I might not have spoken there and then to the key person; however, I always came away with their name; on many occasions, I nearly always received the offer to arrange an appointment there and then.

Regardless of any perceptions I or others may hold, I did get to have many conversations with the person I sought there and then.

Even if it was for just 10 minutes; at least the door was slightly open for next time.

Exemptions and Opinions.

Before, somebody jumps in and says, but that was then not now; a year ago, I took on a short term project a side hustle to set up and revamp some old and establish some new distributors for European manufacture.

Yes, you can still walk on in regardless of a sign that reads; Reps by appointment only. Yes, again, there is Business out there that might not be appropriate, and yes, again, there are those that would be a waste of time to call in on the off chance.

But as indicated in numbers quoted in the opening words at the start of this article, the B2B market place is considerable in size and diverse.

However, having said cold calling into B2B is rare; I did meet a chap a year or so ago at a networking event that still sells his photocopiers in that way. And a couple of years back, I had a young chap ring the bell from a local Conservatory company asking if I had thought of having a Conservatory on the house.

In our brief conversation, he did reveal that he was not having much success, mostly due to not many people being at home during the day. Prospecting into B2B or B2C as in comedy timing is everything.

Walking & talking into Business 100% cold is definitely not for everyone; I’ve worked with many who could not.

100% cold prospecting is hard and requires resilience, determination, self-motivation and more than natural ability. But if you can, then you are one of the few you have a niche ability many would live to have, If you possess the niche and find yourself looking for a job put it at the top of your C.V.

If you are reading this article you may be screaming out; “But I do cold call face to face outreach into B2B.” If so I would love to have a conversation with you.

Eating their lunch.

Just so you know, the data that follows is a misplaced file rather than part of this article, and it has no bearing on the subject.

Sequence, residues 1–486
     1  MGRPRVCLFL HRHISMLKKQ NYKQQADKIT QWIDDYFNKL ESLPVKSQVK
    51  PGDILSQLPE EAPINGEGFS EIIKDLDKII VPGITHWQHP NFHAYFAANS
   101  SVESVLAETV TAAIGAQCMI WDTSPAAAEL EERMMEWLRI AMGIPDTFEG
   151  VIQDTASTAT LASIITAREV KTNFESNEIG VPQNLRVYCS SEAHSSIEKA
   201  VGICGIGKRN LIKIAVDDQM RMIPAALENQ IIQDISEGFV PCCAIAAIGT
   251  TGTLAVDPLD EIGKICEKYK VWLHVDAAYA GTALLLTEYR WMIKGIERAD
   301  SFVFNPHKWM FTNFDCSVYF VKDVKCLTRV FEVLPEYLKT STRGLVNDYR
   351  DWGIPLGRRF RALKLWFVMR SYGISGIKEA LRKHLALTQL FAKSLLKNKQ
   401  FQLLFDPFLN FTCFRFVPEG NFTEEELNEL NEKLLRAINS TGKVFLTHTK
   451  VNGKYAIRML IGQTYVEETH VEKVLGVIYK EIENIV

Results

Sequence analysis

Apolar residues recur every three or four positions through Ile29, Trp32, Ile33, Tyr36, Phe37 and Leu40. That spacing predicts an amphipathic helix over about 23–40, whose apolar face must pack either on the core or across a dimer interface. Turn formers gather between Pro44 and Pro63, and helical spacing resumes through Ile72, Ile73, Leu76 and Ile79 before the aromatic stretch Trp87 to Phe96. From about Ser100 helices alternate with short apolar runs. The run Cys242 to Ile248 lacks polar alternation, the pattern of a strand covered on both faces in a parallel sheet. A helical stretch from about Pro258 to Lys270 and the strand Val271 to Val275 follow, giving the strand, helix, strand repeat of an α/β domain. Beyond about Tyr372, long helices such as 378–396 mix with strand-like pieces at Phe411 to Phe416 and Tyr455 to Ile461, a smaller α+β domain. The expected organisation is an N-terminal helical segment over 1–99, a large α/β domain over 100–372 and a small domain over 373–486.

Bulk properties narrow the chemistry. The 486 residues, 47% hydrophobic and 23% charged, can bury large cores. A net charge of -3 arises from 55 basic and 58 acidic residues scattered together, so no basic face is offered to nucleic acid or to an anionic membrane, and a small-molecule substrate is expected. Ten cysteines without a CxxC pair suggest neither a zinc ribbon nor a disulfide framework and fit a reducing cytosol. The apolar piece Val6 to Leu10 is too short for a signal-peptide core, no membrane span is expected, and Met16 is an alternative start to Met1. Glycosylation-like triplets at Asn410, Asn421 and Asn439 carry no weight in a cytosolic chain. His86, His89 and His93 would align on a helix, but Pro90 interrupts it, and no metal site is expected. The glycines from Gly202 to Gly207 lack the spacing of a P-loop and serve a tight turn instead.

In those early days of my first sales role, I always felt at a slight disadvantage that I did not have the Home office/showroom in my sales area; consequently, I never had the advantage of a flow of enquiries.

For six years, my territory always had me working in my competitors back yard; every sale I made was a win for me and a loss for them. My example of ‘Eating their lunch.’

‘Eating their Lunch’, a book by Anthony Iannarino, is one of my top ten sales book reads, essential reading for those engaged in account development at this time when more and more buyers are turning towards trusted advisors rather than account managers.

Selling in my competitor’s backyard, and a reasonable distance from my companies Home office/showroom did have some advantages; my director was not able at a moments notice to decide to spend time with me as he did with those with their territory encompassing the Home office/showroom.

Within my list of takeaway from my early years in sales, my number one is my need to develop a high level of independence and self-confidence in my sales ability.

The second takeaway would be working for a group of directors committed to investing in sales training for those in their care; I still carry the value of their investment today.

Moving on to the next level.

When I moved on to my next sales role, working for my first multinational, my sales activities were split into 40% developing existing accounts, 30% following up sales leads, and 30% prospecting.